listening to records makes me nostalgic. watching Almost Famous makes me think about what i listened to in high school (The Beatles, Jefferson Airplane, Queen and Billy Joel) and the dweeby classic rock nerd i was until i became a jazz DJ (anyone would rather be on-air at noon rather 4am in the winter of Ithaca.) and then subsequently, i found out about reggae and the blues. you see, my mom sang along to Joni Mitchell my entire childhood. and still does. she introduced me to my favorite “Cactus Tree” (“she’s too busy being free”). my parents played Paul Simon’s Graceland endlessly and my dad still sings along to Elton John’s “Goodbye Yellow Brick Road”. my sister bought me Ladies of the Canyon on vinyl as a birthday gift. and the first record i ever bought, i’m sure with my mom’s money, was the full Tommy Tutone 2 with “867-5309/Jenny” on it. $10. i can tell you where every record i own came from. and i can tell you the inside of every record store i ever bought vinyl in. i have distinct memories of those cities from Saratoga, NY to Manhattan and Brooklyn and Ithaca,NY. everyone has a college record store home base: Angry Mom Records (where I’ve found two of my prize favorites: white label promo Velvet Underground ‘Loaded’ and Led Zeppelin Live 1969 at the Filmore West bootleg with ‘disguise’ pressing stamps.) (i also wrote about Angry Mom for a non-fiction writing class.) Amoeba in Hollywood is incredible, and easily the best store i’ve ever been in. although i never bought vinyl there because i didn’t have a record player when i was living in LA, i spent plenty of money on CDs since i lived in my car (MC5/Back in the USA, Bon Iver/Blood Bank EP, and the unforgettable local LA reggae band, The Lions.) i can snobbishly say i’ve bought something in all three Amoeba Musics. the one on Haight in SF rivals Hollywood’s store quite well (got me a b-side recorded version of The VU & Nico in green wax and Hello Nasty in clear yellow) and Berkeley just seems quaint in comparison (nice 45s and book section though). i once saw the man who played Mr. Rosso on Freaks & Geeks at the Amoeba Hollywood store, the same day The Lions were playing a free at noon show, when we just happened to stumble there one afternoon after traipsing around Hollywood.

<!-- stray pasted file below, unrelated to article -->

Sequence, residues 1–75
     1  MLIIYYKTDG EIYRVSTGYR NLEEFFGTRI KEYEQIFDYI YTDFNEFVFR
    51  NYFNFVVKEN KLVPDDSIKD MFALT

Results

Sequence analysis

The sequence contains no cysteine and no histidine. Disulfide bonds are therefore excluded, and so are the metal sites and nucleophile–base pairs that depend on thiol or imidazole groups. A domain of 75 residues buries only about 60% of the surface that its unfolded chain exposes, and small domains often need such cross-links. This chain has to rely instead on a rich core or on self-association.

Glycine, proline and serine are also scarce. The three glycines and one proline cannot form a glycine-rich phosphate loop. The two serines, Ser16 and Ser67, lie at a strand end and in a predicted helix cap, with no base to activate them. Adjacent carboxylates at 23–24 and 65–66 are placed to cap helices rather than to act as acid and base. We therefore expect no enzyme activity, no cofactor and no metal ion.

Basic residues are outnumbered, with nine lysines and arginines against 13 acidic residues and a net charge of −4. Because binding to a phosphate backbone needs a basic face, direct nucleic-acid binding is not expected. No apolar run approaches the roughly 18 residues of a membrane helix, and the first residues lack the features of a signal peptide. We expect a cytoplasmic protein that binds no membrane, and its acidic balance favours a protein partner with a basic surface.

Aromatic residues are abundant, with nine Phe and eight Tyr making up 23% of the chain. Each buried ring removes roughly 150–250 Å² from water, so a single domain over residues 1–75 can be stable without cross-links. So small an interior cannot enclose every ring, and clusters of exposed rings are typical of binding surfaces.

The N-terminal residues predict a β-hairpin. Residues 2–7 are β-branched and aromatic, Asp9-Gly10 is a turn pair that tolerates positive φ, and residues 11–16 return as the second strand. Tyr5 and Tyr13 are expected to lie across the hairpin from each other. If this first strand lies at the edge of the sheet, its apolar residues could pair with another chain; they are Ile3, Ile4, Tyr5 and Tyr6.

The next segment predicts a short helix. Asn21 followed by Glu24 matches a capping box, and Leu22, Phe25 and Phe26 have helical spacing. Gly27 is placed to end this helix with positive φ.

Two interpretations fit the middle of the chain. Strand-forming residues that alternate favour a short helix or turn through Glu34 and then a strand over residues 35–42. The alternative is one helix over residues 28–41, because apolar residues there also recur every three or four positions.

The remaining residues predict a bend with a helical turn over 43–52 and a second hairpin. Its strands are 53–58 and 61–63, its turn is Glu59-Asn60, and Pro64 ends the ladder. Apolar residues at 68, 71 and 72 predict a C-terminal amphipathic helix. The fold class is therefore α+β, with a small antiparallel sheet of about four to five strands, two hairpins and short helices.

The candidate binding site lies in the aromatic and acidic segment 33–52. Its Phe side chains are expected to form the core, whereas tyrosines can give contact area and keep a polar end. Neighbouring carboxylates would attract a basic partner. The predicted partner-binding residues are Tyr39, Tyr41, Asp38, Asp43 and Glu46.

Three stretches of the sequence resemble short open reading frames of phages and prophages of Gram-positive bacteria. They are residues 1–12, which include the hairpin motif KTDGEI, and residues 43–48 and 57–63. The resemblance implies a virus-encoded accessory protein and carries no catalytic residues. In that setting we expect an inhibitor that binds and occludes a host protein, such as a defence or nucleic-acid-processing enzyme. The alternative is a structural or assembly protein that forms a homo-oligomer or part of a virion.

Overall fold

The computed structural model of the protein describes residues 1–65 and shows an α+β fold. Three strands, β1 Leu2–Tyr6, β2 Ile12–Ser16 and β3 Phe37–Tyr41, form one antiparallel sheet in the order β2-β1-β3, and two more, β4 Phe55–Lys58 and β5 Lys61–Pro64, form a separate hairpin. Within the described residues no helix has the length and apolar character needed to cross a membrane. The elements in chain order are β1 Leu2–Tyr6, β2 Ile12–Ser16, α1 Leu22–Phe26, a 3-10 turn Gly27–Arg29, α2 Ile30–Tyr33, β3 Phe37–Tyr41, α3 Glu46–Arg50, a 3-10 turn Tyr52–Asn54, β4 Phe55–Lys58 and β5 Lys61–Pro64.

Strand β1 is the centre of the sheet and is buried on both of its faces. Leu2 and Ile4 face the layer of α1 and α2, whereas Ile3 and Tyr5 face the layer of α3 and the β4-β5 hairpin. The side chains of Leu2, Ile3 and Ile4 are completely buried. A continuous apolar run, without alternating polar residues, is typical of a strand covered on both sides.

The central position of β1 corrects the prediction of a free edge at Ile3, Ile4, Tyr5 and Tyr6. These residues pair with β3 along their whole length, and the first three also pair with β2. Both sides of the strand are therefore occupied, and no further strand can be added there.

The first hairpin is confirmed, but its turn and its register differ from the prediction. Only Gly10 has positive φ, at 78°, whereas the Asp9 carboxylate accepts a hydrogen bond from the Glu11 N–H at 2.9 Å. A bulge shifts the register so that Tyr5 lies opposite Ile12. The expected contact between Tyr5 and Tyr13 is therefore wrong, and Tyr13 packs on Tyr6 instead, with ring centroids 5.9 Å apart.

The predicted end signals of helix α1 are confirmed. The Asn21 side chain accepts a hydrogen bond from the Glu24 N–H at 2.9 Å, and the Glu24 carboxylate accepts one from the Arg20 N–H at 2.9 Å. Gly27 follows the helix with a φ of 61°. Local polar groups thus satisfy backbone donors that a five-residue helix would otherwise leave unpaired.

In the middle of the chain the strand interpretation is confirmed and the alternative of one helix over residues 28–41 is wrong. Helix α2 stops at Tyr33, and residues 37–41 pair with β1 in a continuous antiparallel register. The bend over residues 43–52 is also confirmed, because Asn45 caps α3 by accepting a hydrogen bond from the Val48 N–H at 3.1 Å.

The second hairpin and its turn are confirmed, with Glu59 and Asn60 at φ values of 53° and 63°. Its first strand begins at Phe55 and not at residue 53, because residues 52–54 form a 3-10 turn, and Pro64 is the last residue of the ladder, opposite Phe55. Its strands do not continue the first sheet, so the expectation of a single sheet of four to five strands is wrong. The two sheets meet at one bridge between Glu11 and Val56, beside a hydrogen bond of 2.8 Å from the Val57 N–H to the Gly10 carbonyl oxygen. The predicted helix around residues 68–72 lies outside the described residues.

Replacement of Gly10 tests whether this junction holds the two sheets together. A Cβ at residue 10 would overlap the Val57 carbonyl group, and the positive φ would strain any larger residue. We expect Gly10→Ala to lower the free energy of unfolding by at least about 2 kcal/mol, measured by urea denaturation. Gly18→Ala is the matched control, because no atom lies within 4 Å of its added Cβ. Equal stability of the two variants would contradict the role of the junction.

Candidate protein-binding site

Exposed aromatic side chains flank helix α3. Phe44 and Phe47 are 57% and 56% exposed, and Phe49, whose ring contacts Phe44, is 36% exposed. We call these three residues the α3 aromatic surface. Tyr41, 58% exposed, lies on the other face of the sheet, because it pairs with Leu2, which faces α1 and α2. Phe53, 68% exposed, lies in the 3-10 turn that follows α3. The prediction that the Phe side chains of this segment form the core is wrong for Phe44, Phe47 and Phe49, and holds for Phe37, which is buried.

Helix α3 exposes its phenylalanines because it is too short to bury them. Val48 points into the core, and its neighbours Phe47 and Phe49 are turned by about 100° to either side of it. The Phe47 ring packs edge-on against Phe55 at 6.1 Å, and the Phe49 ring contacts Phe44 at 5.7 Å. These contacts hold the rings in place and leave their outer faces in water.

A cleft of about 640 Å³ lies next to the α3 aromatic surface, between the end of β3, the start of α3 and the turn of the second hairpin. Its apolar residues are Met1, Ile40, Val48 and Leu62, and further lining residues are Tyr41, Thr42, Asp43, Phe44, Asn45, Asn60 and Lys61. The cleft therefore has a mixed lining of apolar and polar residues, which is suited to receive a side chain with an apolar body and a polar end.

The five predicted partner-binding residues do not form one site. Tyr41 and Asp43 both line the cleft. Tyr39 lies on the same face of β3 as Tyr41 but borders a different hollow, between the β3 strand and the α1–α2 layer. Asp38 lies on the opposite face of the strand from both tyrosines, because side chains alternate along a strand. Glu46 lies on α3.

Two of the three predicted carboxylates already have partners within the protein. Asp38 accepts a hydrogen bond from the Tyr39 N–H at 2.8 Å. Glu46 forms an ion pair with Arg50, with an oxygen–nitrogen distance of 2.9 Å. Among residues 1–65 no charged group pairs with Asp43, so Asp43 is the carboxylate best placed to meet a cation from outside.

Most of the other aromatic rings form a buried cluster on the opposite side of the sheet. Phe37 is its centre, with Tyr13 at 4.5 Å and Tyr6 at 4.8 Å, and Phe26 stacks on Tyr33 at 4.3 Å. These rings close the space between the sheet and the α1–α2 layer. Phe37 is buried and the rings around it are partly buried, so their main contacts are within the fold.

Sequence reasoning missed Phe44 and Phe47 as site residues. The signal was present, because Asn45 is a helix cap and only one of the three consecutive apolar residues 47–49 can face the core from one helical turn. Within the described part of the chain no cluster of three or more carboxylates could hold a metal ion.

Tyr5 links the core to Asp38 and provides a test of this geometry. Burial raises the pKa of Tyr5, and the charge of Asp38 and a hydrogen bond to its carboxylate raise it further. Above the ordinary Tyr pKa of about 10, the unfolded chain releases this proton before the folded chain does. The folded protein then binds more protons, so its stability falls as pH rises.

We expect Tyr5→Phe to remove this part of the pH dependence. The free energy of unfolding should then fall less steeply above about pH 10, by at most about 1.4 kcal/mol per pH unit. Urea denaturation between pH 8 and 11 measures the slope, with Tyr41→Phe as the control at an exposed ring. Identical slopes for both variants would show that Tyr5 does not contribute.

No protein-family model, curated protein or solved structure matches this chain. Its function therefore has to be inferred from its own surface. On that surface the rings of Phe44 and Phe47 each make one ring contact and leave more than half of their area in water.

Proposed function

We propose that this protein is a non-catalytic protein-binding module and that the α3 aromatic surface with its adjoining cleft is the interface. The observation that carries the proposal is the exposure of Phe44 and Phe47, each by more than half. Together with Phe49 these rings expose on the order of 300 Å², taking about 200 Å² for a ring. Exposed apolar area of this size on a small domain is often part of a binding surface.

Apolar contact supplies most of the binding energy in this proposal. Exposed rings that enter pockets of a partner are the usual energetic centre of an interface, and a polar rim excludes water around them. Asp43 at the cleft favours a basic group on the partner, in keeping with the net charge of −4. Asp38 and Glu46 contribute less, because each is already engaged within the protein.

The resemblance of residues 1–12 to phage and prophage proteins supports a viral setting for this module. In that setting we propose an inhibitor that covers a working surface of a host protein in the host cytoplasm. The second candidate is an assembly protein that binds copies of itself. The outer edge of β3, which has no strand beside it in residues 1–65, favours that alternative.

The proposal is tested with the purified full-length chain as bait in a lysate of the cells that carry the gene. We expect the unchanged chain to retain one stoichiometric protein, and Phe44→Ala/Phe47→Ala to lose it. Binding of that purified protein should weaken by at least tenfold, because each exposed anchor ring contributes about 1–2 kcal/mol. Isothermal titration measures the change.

Smash! here in DC is great, on 18th street. they have terrific loads of movie soundtracks (including Fast Times at Ridgemont High, Pretty in Pink, St. Elmo’s Fire, Midnight Cowboy, Easy Rider, Star Wars, …the list goes on. and i want them all.) and Crooked Beat has a plethora of mostly new and re-released wax wrapped in cellophane. lots of Wilco, White Stripes and Elliot Smith. strange that i haven’t gone hungry yet spending money on new records. but i never go for new music on vinyl. i know it was recorded digitally and just put onto wax. i’ll buy some new music on vinyl here and there (The Monitor/Titus Andronicus and Wavves/Life Sux EP…and the soon to arrive SF Castle Face Records and Friends cover album of the VU & Nico in banana yellow wax. if the reader is counting, that’s right, i have two alternative versions without actually owning VU&N. its hard to find not pressed to death as the millionth issue.) hence, i only usually buy new music on vinyl when they’re perfectly worth it. but i mostly hold out for the gems, like the first pressing edition of Patti Smith’s Horses that i found in the East Village. (i like to think that she touched it. or maybe even John Cale.)
Almost Famous is a portrait of rock music and America. and of rock music IN America in 1973. it is a portrait of writing that i wanted to be a part of. the movie that made me want to ‘grow up and become a writer.’ the scenes when Bangs visits the radio station and talks about “angelic choirs” and how “music follows you around in your car and in your headphones” steal my heart and grow my imagination’s vocabulary.
and i think about Cameron Crowe a lot more now than i used to. i wonder what lines were his, and if he overheard and slyly stole some. although i think he’s remembered too often for the longer, denser quote: “the only true currency we have in this bankrupt world is what we share with someone else when we’re uncool.” rather the other fun historical pieces in there. like the hints for Bangs’ love affair with Lou Reed and his distaste for Detroit. (i’ve always wanted a ‘Detroit Sucks’ shirt.) and his addiction, and strange overuse of cough medicine. although, it what he says in the end that i’m sure i glazed over in junior high school but now, i find the perfect value it: “you have to make your reputation by being honest and unmerciful.”